STUDENTS at Les Enfants d'Angkor orphanage, in a meeting with orphanage
officials and the Phnom Penh Post on Jan 30, failed to confirm many of the
allegations made in the Post article of Jan 27.
After a meeting with
orphanage representative Kem Chanta on Jan 27, twelve of the students signed a
letter reneging on their previous claims to the Post that they had problems with
money, electricity, water and food, among other allegations.
Post was also given another letter - signed by six of the same twelve orphans -
disassociating themselves with the management letter they had signed just four
hours earlier. They added that all other problems, other than the complete lack
of water and electricity, were correct.
The Post is satisfied the
published claim that the orphanage had no water or electricity for six months
was inaccurate. The water and electricity supply during that time has been
described as intermittent, not unlike other areas of Phnom Penh.
meeting, an idea was proposed that a contract be drafted between the orphans and
the orphanage management, with final approval by the Department of Social
Action. By agreeing on rules and regulations, especially about what money and
rights the orphans should be entitled to, it was considered that future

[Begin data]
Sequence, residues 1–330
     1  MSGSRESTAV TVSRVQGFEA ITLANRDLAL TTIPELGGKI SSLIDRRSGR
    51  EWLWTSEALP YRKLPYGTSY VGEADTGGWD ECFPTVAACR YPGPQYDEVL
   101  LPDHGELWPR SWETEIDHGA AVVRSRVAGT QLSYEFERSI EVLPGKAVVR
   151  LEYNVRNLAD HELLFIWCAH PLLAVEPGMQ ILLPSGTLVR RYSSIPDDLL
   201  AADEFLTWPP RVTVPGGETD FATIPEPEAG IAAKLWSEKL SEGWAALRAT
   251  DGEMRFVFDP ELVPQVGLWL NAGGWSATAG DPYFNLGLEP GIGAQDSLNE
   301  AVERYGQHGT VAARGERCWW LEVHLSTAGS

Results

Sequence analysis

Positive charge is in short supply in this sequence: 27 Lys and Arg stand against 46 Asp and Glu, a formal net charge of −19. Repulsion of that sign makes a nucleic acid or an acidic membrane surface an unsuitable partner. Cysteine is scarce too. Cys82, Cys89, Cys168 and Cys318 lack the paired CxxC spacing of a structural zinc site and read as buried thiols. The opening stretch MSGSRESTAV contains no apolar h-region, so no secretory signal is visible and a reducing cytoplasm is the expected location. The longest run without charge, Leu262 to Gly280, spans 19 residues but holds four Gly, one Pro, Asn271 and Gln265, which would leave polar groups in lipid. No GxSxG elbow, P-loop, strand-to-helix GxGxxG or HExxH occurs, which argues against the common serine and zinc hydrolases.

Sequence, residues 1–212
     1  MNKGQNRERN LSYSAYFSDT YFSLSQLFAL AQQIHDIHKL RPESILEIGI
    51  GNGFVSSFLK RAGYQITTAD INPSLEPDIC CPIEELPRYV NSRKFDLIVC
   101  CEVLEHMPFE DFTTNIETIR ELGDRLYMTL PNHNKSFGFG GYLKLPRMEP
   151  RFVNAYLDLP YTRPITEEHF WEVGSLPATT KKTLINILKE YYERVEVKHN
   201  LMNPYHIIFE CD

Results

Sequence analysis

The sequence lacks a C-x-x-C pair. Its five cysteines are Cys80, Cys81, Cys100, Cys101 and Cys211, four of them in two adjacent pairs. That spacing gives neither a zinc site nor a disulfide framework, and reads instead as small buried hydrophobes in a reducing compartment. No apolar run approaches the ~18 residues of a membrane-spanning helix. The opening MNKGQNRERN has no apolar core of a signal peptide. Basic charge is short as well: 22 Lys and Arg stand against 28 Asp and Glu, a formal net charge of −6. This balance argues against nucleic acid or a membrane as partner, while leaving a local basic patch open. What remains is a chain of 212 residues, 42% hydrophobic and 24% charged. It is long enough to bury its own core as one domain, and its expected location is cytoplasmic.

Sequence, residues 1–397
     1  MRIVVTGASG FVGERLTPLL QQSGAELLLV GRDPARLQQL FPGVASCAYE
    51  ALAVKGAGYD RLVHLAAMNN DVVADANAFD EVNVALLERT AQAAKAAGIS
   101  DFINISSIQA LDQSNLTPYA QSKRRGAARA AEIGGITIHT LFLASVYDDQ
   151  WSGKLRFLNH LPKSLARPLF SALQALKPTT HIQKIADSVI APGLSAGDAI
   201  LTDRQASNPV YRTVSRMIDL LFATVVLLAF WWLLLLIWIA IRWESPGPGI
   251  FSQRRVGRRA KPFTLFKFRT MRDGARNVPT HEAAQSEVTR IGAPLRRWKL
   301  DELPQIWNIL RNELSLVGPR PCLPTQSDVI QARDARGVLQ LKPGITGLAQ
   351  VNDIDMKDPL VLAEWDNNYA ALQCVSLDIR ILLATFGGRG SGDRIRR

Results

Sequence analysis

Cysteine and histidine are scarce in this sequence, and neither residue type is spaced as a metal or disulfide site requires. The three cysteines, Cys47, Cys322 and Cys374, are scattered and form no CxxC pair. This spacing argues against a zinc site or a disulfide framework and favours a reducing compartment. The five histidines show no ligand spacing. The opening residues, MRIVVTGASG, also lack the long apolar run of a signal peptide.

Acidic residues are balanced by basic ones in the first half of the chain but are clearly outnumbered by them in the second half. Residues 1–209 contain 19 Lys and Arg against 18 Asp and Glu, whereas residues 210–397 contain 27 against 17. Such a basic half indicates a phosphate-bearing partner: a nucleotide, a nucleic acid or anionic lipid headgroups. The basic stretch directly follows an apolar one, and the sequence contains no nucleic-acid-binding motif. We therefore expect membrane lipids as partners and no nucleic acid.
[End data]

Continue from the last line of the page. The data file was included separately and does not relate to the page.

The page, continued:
misunderstandings could be avoided.
Orphan Roeun Kosal said that there
was a problem within the orphanage but more related to personal disputes. There
was nobody properly managing the orphanage, he said, while Kem Chanta agreed she
did not visit every day.
There were nominally two managers, but they were
not officially chosen nor did they fulfill their duties by consensus with the
orphans, he said.
The individual conflict was not between management and
orphans, and it was not a big thing, but "an abstract issue sometimes," he
Chanta alleges Yim Deth, one of the orphans who approached the Post
initially, is waging a vendetta against her because she forced him to leave the
orphanage for disciplinary problems. Deth says he left on his own
The Post was told on Feb 6 that the Social Action Department had
recently visited the orphanage, with the result that new rules and regulations
had been written as well as the appointment of an official manager and the
selection of an orphan to liase with both management and the
It had been claimed that food for the orphans was meager, but
Roeun Kosal said "its not really a big thing... it is not insufficient, it is
understandable but a small matter." Claims made by orphans in the original Post
article that the food allowance was 12,000 riel ($6) a day were confirmed - but
that usually fed 18 people, rather than 20 as reported. It was learned that the
orphans were also supplied with rice, dried fish and prahok.